The richness of experience and mutual understanding of cultural differences provided by young people from across Europe, who live and learn together is immeasurable. Given Europe’s history of war and conflict, it’s uplifting to see young people exploring different cultures and learning together.

The fear of exit is real, then, not just for vice-chancellors, but for students themselves, as McCormac elaborated.

According to a recent report, nearly half of international students, and more than 80% of EU students, would not view the UK as an attractive place to study in the event of a Brexit. This shows a worrying lack of confidence in UK universities outside of the EU with serious implications for student recruitment and quality of experience.

Impact on research

Research collaboration is the keynote of the vice-chancellors’ concerns. The complexity of negotiating numerous bilateral agreements with partner institutions in a post-EU world is a point of real contention for them.

Bringing brains together. wavebreakmedia/www.shutterstock.com

Chris Husbands: “The EU, imperfect though it is, has been a spur to collaboration.” For him, it is hard to believe “that European scientists, still operating in a common space, would look to Britain to collaborate.”

He added: “It is difficult to believe that the UK science budget would be increased post-Brexit to compensate for lost EU funding.”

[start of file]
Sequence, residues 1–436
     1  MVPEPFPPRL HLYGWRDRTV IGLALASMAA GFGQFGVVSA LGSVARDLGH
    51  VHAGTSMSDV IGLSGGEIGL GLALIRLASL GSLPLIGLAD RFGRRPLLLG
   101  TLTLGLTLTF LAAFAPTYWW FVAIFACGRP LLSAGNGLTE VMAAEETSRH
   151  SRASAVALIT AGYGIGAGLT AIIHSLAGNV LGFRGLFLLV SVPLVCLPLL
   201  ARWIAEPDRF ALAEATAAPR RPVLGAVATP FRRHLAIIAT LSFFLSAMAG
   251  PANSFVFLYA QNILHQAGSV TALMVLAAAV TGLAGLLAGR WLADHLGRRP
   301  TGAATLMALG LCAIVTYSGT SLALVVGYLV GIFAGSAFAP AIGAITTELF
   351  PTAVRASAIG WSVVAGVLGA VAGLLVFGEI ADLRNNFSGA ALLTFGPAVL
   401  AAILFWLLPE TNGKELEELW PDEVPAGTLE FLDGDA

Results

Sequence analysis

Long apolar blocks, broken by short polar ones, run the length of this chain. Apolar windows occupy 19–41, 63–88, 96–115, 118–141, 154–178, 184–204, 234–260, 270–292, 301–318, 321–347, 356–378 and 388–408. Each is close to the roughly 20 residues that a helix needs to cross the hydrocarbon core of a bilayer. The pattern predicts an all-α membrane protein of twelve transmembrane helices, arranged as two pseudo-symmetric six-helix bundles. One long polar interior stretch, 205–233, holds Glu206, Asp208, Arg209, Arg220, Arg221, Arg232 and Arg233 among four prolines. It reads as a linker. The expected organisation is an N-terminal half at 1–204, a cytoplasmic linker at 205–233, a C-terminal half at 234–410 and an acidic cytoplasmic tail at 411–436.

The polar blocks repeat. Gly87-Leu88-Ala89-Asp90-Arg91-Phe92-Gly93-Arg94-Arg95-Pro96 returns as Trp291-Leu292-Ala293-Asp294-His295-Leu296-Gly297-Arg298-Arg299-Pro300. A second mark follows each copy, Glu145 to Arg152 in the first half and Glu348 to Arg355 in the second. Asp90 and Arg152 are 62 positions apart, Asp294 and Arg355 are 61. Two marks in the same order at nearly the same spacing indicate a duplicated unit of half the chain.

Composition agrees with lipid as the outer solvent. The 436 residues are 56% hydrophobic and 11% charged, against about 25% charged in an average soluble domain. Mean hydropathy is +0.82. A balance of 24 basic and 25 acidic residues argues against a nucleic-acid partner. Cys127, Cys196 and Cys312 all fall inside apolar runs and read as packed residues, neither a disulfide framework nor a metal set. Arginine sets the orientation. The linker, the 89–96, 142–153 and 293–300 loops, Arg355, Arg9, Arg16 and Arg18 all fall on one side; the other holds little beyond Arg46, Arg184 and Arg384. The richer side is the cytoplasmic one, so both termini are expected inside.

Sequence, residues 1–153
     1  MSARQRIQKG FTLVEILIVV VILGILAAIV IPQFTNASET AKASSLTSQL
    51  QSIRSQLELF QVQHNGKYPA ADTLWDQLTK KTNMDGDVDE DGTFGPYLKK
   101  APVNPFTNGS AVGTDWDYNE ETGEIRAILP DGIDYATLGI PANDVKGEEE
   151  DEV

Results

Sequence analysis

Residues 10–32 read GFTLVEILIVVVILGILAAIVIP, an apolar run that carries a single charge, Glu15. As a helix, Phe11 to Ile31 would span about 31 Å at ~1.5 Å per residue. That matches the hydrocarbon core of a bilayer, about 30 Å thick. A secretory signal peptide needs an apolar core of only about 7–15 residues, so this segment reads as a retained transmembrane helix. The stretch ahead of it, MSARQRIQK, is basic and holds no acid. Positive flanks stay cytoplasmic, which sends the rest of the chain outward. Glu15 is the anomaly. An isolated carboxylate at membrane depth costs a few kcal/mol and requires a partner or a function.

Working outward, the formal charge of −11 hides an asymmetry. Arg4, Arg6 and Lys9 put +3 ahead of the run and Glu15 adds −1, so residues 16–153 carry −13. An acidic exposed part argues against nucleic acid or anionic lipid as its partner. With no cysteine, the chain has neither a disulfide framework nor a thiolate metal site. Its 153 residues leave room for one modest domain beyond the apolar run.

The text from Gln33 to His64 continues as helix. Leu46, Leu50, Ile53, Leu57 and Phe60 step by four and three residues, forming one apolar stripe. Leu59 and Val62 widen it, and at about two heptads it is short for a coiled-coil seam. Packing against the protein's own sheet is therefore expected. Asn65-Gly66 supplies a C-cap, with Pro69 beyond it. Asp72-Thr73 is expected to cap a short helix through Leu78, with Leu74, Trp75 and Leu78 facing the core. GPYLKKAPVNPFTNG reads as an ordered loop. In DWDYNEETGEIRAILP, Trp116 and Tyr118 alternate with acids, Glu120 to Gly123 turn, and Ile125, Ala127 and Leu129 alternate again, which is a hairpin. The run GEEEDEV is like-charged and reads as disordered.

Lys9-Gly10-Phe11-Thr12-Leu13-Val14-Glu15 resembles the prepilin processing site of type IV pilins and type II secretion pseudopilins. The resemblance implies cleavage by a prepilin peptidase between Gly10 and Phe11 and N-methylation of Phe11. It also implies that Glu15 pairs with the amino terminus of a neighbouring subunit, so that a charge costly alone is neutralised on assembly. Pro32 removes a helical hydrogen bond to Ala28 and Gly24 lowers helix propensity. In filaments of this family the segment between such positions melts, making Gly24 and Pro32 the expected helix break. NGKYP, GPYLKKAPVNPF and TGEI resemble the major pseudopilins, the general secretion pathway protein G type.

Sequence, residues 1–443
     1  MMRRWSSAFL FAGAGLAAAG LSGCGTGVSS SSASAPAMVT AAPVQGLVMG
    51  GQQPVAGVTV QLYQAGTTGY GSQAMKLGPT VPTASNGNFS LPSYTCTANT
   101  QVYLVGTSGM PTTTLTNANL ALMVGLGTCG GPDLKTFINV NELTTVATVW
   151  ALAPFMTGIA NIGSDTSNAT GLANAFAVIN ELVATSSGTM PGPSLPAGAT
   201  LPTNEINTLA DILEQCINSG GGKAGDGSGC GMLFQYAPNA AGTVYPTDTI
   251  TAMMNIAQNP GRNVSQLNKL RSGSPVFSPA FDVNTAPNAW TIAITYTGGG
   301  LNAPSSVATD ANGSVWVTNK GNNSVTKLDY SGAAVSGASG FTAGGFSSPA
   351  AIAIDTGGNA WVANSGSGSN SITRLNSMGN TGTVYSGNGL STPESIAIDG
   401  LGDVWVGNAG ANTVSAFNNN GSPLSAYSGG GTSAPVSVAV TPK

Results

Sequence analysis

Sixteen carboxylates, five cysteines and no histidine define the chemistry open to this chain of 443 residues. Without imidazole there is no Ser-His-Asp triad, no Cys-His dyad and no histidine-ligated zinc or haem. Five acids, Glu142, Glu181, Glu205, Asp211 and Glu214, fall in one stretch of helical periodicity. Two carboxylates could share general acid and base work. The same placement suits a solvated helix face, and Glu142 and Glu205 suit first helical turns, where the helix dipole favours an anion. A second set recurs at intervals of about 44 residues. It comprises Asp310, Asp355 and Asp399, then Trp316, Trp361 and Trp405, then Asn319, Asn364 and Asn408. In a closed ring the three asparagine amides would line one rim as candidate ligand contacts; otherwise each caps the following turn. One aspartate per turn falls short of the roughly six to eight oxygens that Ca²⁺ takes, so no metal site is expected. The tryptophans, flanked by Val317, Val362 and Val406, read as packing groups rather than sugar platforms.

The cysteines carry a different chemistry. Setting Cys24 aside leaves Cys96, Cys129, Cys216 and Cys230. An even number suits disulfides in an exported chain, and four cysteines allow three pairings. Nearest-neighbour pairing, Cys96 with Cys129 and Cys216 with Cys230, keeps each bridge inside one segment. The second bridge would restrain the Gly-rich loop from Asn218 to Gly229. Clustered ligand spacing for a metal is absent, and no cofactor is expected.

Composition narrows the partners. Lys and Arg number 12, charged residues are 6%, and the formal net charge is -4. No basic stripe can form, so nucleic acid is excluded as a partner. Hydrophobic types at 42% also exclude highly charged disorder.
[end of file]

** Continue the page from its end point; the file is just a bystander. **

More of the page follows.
Michael Arthur argued that the EU “plays a vital role in bringing the best scientists and researchers together”.

“Research carried out in collaboration with international partners has 50% more impact than that carried out by a single country … There would be no development (for the UK at least) of the European Research Area, making the cross-border movement of postdoctoral researchers and academic staff much more difficult.”

Though collaboration is king, cash also matters. Arthur pointed out that UCL currently receives the most amount of funding in the EU from the Horizon 2020 programme and ranks in the top three of those receiving the most funding from the European Research Council, and this funding supports roughly one in eight of UCL’s research staff.

Gerry McCormac said that the UK is a net beneficiary of research funding from the EU, which is worth over £1 billion a year to the UK.

Cutting ourselves off from the research income and, inevitably, from much of the cutting edge research that it funds, would set research back in this country and risk the loss of our dominance in the world. Insularity is not the way forward, increased collaboration, sharing resources and ensuring mobility of expertise for the common good is the path we’re on and the one we need to continue to follow.

Consensus for a reason

Among British vice-chancellors, there is something close to a consensus: membership of the European Union boosts both research and the student experience, and enables universities to fulfil their mission as centres for cultural exchange.

Michael Arthur: “When there is near unanimity among Britain’s vice-chancellors that Brexit would be bad for the future of our sector, it is worth considering why.”

Britain’s universities are a success story of globalisation. Brexit represents an attempt to turn back the clock on that process. It may not dominate the referendum debates as immigration and the economy do, but for Britain’s vice-chancellors one thing is certain: the fate of Britain’s universities hangs in the balance.

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Mike Finn is a member of the Labour Party, the Co-Operative Party and the University and College Union.

University of Warwick provides funding as a founding partner of The Conversation UK.